Frank Turner talks to eGigs

on Saturday 4 December 2010

eGigs got a chance to have a quick chat with Frank Turner ahead of his gig at Sheffield Plug on Saturday 4th December 2010.

How have the first few nights of your tour been?
Good, it's a little bit annoying because it should have been the first three nights and if there's one thing in this life I hate even more than punching babies it's cancelling shows, so the Aberdeen situation was annoying. Other than that, it's been great. Glasgow was cool. Last night was great because every tour I always feel like the first couple of shows you're finding your stride but yesterday in Preston we hit the ground running and we all came off and we're like "Now that's a F*cking show right there" and having Ed Harcourt and Dive Dive here as well is cool.

You've just got back from the US supporting Social Distortion, is it strange coming from first support to headlining?
Yeah, it is a little schizophrenic, because it's a very different approach and dynamic to the crowd and I had this moment in Glasgow, just thinking to myself "Okay, I don't need to be thinking about the front row, they're here to see the headliners" and then it was like "wait a minute, we are the headliners! Holy Sh*t!" But yeah, it does feel strange but the US tour with Social Distortion was amazing though, it was really one of my favourite tours we've ever done, had a great time, made a lot of new friends and it was really cool.

In the video for your new single, 'I Still Believe' did you really get tattooed live on set?
Yeah I did (rolls up sleeve) there you go. That's my tattooist in the video, he does all my work… Well most of it, I got a couple of tattoos done recently which he didn't do, which he's going to be really upset about next time I see him. We were talking about it, because obviously there's a lot of people with tattoos on the video and the director's spin on it was if you believe in something then get it inked on you.

If you could tour with anyone, who would it be?
Well, in terms of people supporting me, the answer to that question is pretty much in the bands that come out with me. I have a really long list of people I want to tour with and I just wish I did more headline tours so I could ask more people to come out with me. We've got Ed [Harcourt] on this tour and I'm looking at getting Tim Barry over to the UK next year who I f*cking adore. In terms of opening for people, I operate on the principle I'll open for anybody, I'd like to say I'd open for Napalm Death and I'd open for Mariah Carey, I don't really give a sh*t, I just like to think I could be put in front of a crowd and achieve something but I might be mildly up my own arse by saying that. One band I have always wanted to open for is Counting Crows because they are a band that pretty much define my taste in music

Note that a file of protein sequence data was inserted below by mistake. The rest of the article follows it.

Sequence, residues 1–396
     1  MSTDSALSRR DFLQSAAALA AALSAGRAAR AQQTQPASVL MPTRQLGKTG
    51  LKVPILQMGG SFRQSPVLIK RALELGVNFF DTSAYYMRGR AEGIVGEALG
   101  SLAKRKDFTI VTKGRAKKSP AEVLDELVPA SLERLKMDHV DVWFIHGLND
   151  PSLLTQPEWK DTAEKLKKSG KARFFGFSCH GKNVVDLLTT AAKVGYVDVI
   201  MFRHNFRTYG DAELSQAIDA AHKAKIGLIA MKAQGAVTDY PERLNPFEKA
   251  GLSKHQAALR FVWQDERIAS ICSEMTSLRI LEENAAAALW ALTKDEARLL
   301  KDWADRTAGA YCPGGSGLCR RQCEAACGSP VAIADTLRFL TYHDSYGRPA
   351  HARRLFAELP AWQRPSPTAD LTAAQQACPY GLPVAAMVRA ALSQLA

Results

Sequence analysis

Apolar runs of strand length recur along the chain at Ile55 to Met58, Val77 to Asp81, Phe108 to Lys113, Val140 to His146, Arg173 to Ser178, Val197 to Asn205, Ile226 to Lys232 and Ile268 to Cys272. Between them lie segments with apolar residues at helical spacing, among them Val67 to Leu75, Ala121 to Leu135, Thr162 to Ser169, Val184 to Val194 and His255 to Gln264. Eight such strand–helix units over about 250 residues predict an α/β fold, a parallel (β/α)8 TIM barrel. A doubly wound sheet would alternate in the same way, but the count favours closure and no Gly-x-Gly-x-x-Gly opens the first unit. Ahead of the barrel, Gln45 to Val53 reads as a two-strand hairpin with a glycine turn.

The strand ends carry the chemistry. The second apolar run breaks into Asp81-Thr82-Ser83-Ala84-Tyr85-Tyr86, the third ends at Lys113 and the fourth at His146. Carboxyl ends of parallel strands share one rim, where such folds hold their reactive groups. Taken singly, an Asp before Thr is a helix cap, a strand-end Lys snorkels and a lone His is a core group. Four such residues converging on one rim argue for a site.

You've got a new single (I Still Believe) out in the next couple of weeks, and a new album out in the new year. What can you tell us about that?
Well the EP is actually technically out on Monday but we're selling it at these shows, so it's kinda out and about now. Basically, we're recording the album in January, and that's been the plan for sometime, then over the summer I was just looking at it and thinking it's going to be a long time between releases and I've also just had way too many songs kicking around and then also 'I Still Believe' was starting to get a lot of reactions live from people watching it on YouTube and so we all sat around and talked about it with my manager and the label and stuff and then we just said "f*ck it, let's do an EP, why not?" Then we recorded it in 3 days in September and now it's out now and only 1 song (I Still Believe) is going to be on the album, the rest are exclusive to the EP. The other thing was, we got to try out the producer I wanted to work with on the next record and see whether that worked and whether it was all happy families, and it was great. It was this guy called Tristan Ivermy [The Holloways, Towers of London] who actually mixed a lot of [Second album] 'Love, Ire and Song' and I think he did a great job of that but we'd never actually tracked with him before so it was like "how are we going to get along in the studio?" and the answer is very well.

Is it hard to choose what you're going to put on the new album?
Yeah, well, the sessions in January, I think we're aiming to record 16 songs and then I don’t know how many will be on the album, I guess probably 12 or 13? And then there’ll be some B-Sides kicking around or whatever people call them in this modern, new-fangled age of ours. I've always been a firm believer in not sitting on songs, just recording them and getting them out there, just always try and believe the next thing you're going to write is going to better than what you wrote before.

What do you feel about songs that you write and haven't released being on YouTube and torrents?
If we're talking about live stuff being on YouTube, that's fine because at the end of the day I play them at gigs for people to hear them so that's neither here nor there. My only reservation about it is until songs are recorded they are works in progress and occasionally people get attached to earlier versions of something and it's like "yeah, but, that's not f*cking how it goes anymore" and you get "oh, but I liked it how it was before" and it's like "Yeah, well, right your own f*cking songs" At the end of the day, it can be kinda cool, the 'I Still Believe' thing was interesting because a lot of people were getting really into that song before I'd even recorded it and I thought that was pretty special.